Hurst Podiatry Blog

Warts and Your Feet

Warts are a common condition that can affect any area of the body – particularly the feet. Here’s what you need to know about warts.

What are warts?

Warts in general (medically known as verrucae) are benign tumours that affect the junction between the dermis, the deeper layer of the skin, and the epidermis, the more superficial layer of the skin.

The epidermis normally does not contain blood vessels or nerve endings, these exist in the deeper layers of the skin but as a wart is a tumour of the junction of these two regions it can carry those blood vessels up from the deeper levels to the skin surface. This makes warts more inclined to bleed and is the reason you see black dots in them often.

Warts are caused by the human papilloma viruses (HPVs) this can be contracted through contact surfaces, with communal wet areas like showers, pools and change rooms often being the guilty party.

Warts that affect the feet are primarily found on the soles of the foot, this is known as the plantar surface of the foot, resulting in the more commonly used term ‘plantar warts’.

Warts are harmless and, in many cases, do not require any treatment, however some can be very painful and will result in treatment being sort out.

Wart on the plantar foot

How do I know if I have a plantar wart or a corn?

Warts and corns are commonly mistaken for one another, as they can look very similar, they are often a similar size and shape and covered by a layer of dead skin, so determining one from the other can be challenging.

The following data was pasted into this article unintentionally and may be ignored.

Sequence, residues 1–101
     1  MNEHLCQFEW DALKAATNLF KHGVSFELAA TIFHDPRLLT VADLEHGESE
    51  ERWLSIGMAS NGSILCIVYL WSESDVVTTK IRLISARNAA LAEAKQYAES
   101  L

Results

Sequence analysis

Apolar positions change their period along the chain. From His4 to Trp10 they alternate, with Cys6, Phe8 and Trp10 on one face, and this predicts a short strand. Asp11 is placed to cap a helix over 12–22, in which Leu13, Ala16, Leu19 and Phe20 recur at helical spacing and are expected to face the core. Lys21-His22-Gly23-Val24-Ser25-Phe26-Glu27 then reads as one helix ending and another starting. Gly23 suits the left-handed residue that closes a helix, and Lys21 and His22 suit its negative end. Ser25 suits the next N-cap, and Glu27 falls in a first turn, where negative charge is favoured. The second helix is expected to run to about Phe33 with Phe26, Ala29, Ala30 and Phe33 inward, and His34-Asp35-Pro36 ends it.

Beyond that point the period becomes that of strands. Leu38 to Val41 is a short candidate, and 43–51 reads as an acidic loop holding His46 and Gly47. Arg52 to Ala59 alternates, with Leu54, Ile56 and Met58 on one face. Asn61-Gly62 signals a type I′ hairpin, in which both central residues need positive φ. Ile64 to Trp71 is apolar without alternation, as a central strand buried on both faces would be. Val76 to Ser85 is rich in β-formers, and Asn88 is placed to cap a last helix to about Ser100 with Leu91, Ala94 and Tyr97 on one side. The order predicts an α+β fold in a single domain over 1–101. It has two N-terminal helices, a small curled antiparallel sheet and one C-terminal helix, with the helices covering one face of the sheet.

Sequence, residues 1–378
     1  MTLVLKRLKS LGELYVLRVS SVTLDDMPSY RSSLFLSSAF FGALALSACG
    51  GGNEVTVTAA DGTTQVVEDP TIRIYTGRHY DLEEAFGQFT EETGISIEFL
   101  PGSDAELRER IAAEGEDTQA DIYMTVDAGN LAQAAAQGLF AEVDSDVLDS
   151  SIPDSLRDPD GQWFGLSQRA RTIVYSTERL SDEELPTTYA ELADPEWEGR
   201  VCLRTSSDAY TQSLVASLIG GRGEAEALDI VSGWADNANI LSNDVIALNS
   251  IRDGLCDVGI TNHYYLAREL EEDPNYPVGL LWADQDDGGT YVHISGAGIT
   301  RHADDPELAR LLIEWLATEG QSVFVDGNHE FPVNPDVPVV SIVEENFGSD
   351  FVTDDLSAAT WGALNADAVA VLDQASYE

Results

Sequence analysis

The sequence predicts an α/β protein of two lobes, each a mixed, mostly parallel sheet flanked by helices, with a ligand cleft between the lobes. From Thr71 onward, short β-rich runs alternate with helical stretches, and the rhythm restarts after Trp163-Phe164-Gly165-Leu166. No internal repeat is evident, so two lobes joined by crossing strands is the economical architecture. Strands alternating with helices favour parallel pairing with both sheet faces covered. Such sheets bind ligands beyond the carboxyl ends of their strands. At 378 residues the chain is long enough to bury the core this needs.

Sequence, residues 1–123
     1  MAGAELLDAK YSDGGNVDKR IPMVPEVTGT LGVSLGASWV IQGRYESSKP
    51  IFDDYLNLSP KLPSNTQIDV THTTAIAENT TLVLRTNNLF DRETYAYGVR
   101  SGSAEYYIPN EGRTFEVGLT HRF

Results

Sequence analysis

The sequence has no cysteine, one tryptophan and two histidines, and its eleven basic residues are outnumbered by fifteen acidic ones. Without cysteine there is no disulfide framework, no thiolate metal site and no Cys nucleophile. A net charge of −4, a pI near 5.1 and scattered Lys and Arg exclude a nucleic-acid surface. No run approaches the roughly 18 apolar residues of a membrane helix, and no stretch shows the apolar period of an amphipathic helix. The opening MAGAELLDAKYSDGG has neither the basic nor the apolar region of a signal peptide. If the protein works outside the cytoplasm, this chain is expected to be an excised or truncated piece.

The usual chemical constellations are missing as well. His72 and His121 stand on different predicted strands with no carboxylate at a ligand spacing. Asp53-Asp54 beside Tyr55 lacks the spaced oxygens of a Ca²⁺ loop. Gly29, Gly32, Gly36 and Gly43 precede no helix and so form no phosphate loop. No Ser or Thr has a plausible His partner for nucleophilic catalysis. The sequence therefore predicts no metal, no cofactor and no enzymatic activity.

To work out the difference we first also need to understand what a corn is. Corns are circular masses of callous (dead skin) that have a deeper core or nucleus of more dead skin. It is this deeper portion of the corn that normally creates pain and discomfort because when direct pressure is placed on the corn by footwear or from contact to the ground the corn is driven into the healthy skin underneath. This direct pressure sets off the nerves that detect pain and feels like walking on a stone. 

Similarly, warts too can be covered by callous making it hard to distinguish between the two. This overlying callous will need to be removed to allow initially to determine if you’re dealing with a corn or a wart.

The easiest way of distinguishing between the two conditions is known as the ‘squeeze and pressure test’. If you apply pressure down directly onto a wart it will not produce a pain response as there is no deeper lump of callous getting driven into the skin, however if performed on a corn it will produce a pain response.

Likewise, squeezing a wart will be painful, but squeezing a corn will not be as you are only compressing dead skin that has no nerve ending in it. This simple test may help you differentiate between the two.

What are the different types of plantar warts?

There are three types of warts that most commonly affect the foot, they are known as single plantar warts, mosaic warts and raised warts. Each of the types listed correspond with different types of the HPV.

Single plantar warts are the most common wart type to be mistaken for corns. They are found hidden beneath the skin, appearing to push the skin striations to the side. Black dots can usually be seen on the wart, these are tiny blood vessels that have formed inside the lesion.

Single plantar wart

Mosaic warts are similar in appearance to the single plantar wart but present in clusters of warts spread over a small area.

These warts will appear with little black dots on them, and a have a cauliflower-like surface. The appearance of these warts can be alarming.

Mosaic warts

Raised warts, as the name suggests, differ from mosaic and single warts by presenting as a raised lump. Similarly, these will have black spots and have a cauliflower-like surface.